During drug discovery and development projects, pilot trials help identify initial developmental conditions for pivotal clinical trials. Especially after preclinical drug development, pilot pharmacokinetic (PK) studies are necessary during first-in-human clinical studies. The US FDA recommends using pilot studies in small study populations before initiating pivotal studies.
Generally, results from pilot studies are not published, and they often don’t have formal methodology guidance. However, it is well-understood that a standardized procedure for pilot studies could ensure that the generated data is reliable for the design and conduct of subsequent pivotal studies. The current article is a comprehensive guide discussing pilot and pivotal pharmacokinetic analysis.
Pilot vs. Pivotal pharmacokinetic assay
A pilot study is a small-scale test to assess the feasibility of bioanalytical methods and procedures for large-scale assessments. Hence, they are crucial in determining the future of a PK study and can provide insights into the study design. PK bioanalysis begins with a pilot study, and only after reliable preliminary data researchers can conduct pivotal studies. Generally, pilot studies can be grouped into four classifications: process, management, resources, and scientific.
- Processes assess the feasibility of assay steps used in large-scale studies.
- Resources deal with issues related to budget and time that may occur in subsequent studies. The basic idea is to evaluate pilot data, such as things required to fill out survey forms.
- Management covers the potential data and human-related problems. These issues may include data and personnel management at study centers.
- Scientific evaluation deals with the safety, efficacy, treatment doses, response variability, and other crucial aspects of a clinical PK bioanalysis.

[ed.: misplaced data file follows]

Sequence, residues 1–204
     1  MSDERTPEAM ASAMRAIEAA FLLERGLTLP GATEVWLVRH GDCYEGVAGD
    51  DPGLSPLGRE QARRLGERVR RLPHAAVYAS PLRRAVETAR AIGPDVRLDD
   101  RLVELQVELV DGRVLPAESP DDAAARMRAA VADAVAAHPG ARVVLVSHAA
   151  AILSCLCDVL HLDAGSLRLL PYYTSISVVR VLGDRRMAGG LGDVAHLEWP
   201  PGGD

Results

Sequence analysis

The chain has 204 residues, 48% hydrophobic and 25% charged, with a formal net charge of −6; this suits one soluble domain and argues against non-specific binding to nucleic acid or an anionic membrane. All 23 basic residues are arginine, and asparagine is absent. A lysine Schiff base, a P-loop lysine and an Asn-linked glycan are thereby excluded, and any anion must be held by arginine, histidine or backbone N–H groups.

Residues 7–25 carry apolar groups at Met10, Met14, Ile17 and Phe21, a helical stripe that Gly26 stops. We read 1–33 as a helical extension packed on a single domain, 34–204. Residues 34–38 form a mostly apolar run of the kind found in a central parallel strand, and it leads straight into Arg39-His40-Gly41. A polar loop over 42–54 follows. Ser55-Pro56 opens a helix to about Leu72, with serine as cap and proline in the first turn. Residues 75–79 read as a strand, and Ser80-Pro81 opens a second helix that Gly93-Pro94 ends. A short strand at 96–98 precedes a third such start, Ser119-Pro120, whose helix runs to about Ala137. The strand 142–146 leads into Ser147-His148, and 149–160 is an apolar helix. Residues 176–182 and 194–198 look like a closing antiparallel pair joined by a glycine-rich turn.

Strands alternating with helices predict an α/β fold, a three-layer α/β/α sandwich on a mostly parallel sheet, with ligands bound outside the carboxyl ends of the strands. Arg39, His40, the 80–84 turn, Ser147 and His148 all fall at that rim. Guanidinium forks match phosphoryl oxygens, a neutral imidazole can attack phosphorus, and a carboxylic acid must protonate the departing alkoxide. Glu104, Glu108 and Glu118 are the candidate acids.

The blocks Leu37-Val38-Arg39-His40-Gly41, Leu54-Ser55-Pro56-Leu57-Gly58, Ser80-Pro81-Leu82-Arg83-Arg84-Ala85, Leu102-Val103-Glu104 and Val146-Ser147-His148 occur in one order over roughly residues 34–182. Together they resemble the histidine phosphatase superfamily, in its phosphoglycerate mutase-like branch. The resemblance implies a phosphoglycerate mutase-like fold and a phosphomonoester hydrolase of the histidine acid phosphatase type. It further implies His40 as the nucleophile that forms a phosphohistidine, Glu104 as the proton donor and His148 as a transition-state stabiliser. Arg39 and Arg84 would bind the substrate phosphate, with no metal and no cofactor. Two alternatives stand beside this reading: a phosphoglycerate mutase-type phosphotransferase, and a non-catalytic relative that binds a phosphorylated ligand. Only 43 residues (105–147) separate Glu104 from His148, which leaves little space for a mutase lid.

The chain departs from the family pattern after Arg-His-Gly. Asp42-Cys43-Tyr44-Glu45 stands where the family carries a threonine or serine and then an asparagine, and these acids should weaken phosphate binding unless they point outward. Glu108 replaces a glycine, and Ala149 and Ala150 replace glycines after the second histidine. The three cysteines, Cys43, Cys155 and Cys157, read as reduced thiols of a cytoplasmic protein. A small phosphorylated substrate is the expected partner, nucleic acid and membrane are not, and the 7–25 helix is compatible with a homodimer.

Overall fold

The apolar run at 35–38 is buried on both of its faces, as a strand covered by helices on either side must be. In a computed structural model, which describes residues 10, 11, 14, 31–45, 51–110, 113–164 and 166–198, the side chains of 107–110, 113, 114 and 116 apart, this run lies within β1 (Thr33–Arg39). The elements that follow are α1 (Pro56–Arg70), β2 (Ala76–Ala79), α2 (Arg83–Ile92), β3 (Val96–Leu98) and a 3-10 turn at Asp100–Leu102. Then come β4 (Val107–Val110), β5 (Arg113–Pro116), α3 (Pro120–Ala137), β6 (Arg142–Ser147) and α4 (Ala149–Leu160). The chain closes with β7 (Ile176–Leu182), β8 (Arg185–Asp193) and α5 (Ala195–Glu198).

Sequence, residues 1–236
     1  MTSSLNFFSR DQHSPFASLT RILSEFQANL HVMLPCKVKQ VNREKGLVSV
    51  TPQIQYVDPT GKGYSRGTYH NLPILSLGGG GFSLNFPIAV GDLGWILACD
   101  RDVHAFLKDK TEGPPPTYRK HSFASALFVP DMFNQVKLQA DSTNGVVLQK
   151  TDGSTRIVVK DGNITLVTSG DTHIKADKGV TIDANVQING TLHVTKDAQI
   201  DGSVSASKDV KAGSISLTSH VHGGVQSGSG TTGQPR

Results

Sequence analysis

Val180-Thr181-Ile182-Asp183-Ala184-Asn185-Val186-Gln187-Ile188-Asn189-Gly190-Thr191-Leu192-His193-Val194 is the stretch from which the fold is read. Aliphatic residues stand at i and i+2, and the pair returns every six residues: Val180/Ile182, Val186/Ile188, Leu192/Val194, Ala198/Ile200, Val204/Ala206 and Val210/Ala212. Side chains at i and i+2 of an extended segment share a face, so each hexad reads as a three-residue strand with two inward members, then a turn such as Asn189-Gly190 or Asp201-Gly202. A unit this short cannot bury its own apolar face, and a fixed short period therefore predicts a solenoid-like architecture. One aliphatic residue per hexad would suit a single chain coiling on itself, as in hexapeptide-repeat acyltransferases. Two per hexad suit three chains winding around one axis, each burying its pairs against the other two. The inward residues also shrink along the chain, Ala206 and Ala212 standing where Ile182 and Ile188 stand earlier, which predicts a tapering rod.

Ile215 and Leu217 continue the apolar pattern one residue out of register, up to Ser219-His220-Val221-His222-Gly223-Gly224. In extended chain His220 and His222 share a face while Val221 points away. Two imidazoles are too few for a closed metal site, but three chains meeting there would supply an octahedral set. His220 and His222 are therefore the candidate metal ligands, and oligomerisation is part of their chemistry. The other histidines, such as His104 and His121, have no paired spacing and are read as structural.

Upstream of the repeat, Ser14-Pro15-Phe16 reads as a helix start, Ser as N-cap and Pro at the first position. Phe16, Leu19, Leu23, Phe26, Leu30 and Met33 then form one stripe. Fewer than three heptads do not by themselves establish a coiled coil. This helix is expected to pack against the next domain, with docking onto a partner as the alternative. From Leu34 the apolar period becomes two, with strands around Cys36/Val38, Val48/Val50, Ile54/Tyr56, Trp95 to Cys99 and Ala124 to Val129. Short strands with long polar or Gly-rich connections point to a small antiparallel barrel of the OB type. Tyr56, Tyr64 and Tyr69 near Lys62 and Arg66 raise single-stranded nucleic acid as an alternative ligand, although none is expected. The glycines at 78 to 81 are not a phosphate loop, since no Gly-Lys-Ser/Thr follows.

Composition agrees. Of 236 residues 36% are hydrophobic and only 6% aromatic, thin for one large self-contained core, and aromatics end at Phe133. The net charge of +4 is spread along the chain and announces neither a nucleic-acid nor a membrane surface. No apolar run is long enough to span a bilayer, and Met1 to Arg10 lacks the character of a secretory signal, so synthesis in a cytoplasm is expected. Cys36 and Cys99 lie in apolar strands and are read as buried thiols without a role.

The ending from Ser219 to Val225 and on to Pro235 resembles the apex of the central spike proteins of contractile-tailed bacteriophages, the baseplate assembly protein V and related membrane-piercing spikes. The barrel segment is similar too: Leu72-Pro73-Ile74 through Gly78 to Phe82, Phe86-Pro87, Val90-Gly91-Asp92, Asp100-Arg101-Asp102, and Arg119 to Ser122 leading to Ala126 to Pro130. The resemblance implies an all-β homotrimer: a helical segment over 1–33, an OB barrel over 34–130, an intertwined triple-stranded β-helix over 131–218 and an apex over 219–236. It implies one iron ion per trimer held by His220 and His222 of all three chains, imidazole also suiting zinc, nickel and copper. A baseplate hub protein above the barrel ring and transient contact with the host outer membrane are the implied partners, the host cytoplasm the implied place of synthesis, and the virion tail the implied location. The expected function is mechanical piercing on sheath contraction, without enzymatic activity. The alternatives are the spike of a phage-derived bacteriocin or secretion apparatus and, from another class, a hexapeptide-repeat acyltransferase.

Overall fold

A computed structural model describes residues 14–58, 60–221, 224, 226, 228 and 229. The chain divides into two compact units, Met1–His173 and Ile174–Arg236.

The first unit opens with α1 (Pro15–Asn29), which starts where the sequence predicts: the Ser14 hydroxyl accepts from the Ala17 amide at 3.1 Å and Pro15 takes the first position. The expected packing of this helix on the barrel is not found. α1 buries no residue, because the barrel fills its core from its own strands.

Drug safety data is only the tip of the iceberg. Pilot studies provide crucial pharmacokinetics and pharmacodynamics drug data. Besides, they also help determine the route and frequency of administration, optimal drug dose, endpoints, and sample size.
Moreover, researchers often identify quantitative points to evaluate whether pilot PK analysis delivered reliable and accurate results -for instance, understanding compliance rate, where patients self-administer the drug of interest. Notably, scientists do not conduct pilot studies to deduct preliminary conclusions or test assay hypotheses about drug safety and efficacy. Pivotal pharmacokinetic studies deliver these conclusions.
For transitioning from Phase II pilot study to Phase III pivotal study, the initial pilot study data must demonstrate the safety and efficacy of an experimental drug in a small target population. These conclusions are then supplemented with pivotal studies where additional goals are added to clinical trials. Drug developers and PK services often employ placebo groups to confirm whether the experimental drug has the desired therapeutic effects in the target study participants.
However, identifying the most suitable path for transitioning from pilot to pivotal studies can be challenging. This need is especially true for small and new drug companies lacking the expertise to make informed decisions. Hence, it is common for sponsors to work with PK services and bioanalytical CROs for designing and executing PK assays. An experienced CRO can efficiently identify loopholes in NDA applications and thus, increase the chances of getting a successful drug approval.
Hence conducting a pilot study before pivotal studies can increase the success rates of clinical trials.